My earliest memories are of watching my mother and my grandmother make pastry. While other kids were playing with Betta Builder or listening to Janet and John stories, I was absorbing life truths from my mother about a rounded tablespoon of flour being equivalent to an ounce, and pastry being made of half fat to flour.
In 1967, when I was five, a pivotal moment occurred in my lifelong quest to cook. We had arrived in America for a seven-month stay and advertised on television was every little girls’ dream – an Easy-Bake Oven! Being in the days before technology and virtual living, it was powered only by a 100-watt light bulb, yet this real-life oven promised to produce miniature cakes and biscuits.
It was the Summer of Love, and immediately I was in love. I vowed to save every cent of my pocket money so that I could own my very own working oven by the time we returned to the UK. I saw this as my passport to being able to cook whenever I wanted, well beyond the dubious-looking packet mixes that came supplied with the oven.
But the seven months passed, and I was heartbroken not to have saved enough to buy the oven. With my savings I bought a life-sized doll (to the envy of my English school friends when I returned) but I threw it into a cupboard, sickened by the reminder that I had not managed to buy an Easy-Bake Oven.
Friends were invited round on the basis of what they could filch from their mum’s kitchen and many an afternoon was spent melting chocolate or making mini-cookies
Several months later, life took a turn for the worse when my brother and I had to make way for a new baby sister. She was born at home and cried continuously the moment my mother’s screams stopped. Neighbours dropped round to admire the source of the noise.
The following morning my brother and I were both given presents as a sort of consolation prize, and to this day my present remains my absolute best ever present: an Easy-Bake Oven! So my parents weren’t as heartless as I had thought, and in fact had bought the oven before we left America.
At the age of seven, my career in cooking could really get off the ground. I quickly worked my way through the recipe book that came with it, but soon realised that the oven was capable of far more. It wasn’t long before I was producing scaled-down versions of any cake my mum could produce.
As the years progressed, I turned my hand to just about anything I fancied eating. If I could furtively procure an egg and maybe a rasher of bacon, then the pastry-lined tin would yield a tasty mini quiche when enhanced with my snack of milk and piece of cheese. An apple could be turned into a pie or crumble, and what would otherwise have been a Golden Syrup sandwich became a tasty miniature treacle tart.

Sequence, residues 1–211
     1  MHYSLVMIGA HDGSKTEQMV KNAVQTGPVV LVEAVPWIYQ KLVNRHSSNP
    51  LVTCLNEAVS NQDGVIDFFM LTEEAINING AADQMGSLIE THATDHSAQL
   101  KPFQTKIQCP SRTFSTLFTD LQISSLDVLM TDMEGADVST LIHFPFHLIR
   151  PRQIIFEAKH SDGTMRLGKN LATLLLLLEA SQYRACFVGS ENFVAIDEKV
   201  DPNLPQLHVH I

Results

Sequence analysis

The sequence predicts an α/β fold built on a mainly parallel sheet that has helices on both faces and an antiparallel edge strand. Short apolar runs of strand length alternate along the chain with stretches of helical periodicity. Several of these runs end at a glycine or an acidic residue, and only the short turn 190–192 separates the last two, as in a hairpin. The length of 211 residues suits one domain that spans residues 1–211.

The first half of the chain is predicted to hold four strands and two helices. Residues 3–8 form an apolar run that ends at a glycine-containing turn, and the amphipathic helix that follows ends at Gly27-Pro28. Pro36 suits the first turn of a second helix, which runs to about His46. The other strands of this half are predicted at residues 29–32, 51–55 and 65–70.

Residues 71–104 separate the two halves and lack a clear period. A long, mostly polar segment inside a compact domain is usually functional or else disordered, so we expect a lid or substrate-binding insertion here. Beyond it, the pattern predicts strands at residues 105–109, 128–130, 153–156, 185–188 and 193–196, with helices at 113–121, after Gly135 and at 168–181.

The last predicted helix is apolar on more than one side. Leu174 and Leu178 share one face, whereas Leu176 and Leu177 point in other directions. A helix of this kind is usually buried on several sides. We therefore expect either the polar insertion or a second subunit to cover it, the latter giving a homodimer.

Friends were invited round on the basis of what they could filch from their mum’s kitchen and many an afternoon was spent melting chocolate or making mini-cookies. It was lucky for me that my mum was born with no sense of smell so that even if she walked into my bedroom unannounced she remained blissfully ignorant of my culinary adventures.
The Easy-Bake Oven fuelled my desire to cook, and I started to live for the day when I would have proper cookery lessons at grammar school. Finally the day arrived and, to my utter disgust, we made a Victoria Sandwich that I could have made blindfolded without scales or a recipe.
Mindful of my mother’s admonition when let loose on a real oven not to turn it on for a mere sponge cake, I asked around for donations of any leftover ingredients and set to work. I gathered flour, butter, sugar and an apple. While feigning washing up, I popped the tray of apple scones into the oven, glad that I had brought enough jam for the Victoria Sandwich and the scones, which were gratefully enjoyed by the rest of the class later that afternoon.
I fell into the habit of taking in extra ingredients each time we had cookery, so that when the rest of the class were labouring tediously over scone or pastry making, my friend and I would pop in a flan or a tray of profiteroles or perhaps a batch of biscuits. It was amazing that the teacher never noticed, though I almost came unstuck one week when I had to share an oven with a new girl. If it wasn’t for the sticky rice pudding that was a reward for her silence, I would have been in serious trouble.
So many years had been spent cooking in secret, furtively appropriating ingredients and conning relatives into letting me cook while visiting, that I almost expected disappointment when finally let loose as an adult in my own kitchen and well-stocked larder. But no. While it is hard to match the white-knuckle ride of the late-night Easy-Bake-Oven session, there is pure joy to be found in ‘coming out’ freely in my own kitchen.
I enjoyed nourishing my family with proper meals made from scratch and eaten round the table and I took it as a compliment when my childrens’ friends put in their requests for my cottage pie or spaghetti carbonara before accepting an invitation to tea. I enjoy being able to rustle up a feast from humble ingredients, gathering friends round and feeding them with love.
Perhaps the greatest joy of all is time spent in the kitchen with my children, my nephews and lately my grandson, passing on to the next generations a wholesome alternative to Pot Noodle and Chicken Tonight. While some parents complain of barely being offered a cup of tea when visiting their student offspring at university, I can boast of being cooked a meal of chicken roasted with garlic, creamy leeks and Dauphinois potatoes by my daughter, when dropping in with minimal notice.
leemarch blogs at Lesley’s blog